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Researchers see no improvement in Baltic dead zones

Based on data collected by its research ships this past summer, the Finnish Environment Institute (SYKE) reported on Friday that the overall situation now is just as critical as in the summer of 2011.

The Aranda is back from several months of work around the Baltic. Image: Yle

The seabed of the Baltic Sea’s main basin still suffers from major ‘dead zones’ without oxygen or any form of life.

Conditions have remained extremely poor in recent years.

However there has been some improvement in the deep seabed of the Gulf of Finland. And the oxygen situation in the northern parts of the Baltic, known as Bay of Bothnia and the Sea of Bothnia, remains good.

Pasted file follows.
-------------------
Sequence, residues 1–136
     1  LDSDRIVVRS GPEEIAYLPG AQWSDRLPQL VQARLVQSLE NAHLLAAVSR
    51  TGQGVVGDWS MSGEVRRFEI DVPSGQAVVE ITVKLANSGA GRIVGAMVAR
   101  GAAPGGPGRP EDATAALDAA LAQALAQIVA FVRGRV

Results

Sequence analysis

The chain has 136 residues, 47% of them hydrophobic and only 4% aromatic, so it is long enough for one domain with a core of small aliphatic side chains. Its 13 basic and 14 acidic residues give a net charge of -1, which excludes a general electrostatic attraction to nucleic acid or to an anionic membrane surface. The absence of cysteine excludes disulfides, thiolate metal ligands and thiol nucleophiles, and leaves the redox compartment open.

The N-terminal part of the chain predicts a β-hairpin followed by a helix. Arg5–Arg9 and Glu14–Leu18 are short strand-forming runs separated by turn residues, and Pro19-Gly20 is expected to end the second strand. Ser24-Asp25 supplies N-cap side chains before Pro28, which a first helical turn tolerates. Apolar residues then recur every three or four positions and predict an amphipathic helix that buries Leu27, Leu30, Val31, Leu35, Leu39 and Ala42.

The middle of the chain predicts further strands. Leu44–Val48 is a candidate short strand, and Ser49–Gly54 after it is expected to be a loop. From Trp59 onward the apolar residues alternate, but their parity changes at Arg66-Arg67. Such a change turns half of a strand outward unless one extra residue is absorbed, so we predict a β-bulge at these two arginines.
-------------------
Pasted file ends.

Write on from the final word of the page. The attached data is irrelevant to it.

The level of toxic blue-green algae in the Gulf of Finland remains about the same as a year ago. Again conditions in the Bay of Bothnia and the Sea of Bothnia are clearly better than elsewhere.

SYKE’s research vessels Aranda and Muikku spent most of the summer monitoring changes in zoobenthos (communities of seabed organisms), eutrophication and oxygen levels in the Baltic Sea.

The shallow Baltic is the world’s second-largest body of brackish water, and considered one of the planet’s most fragile and polluted seas.

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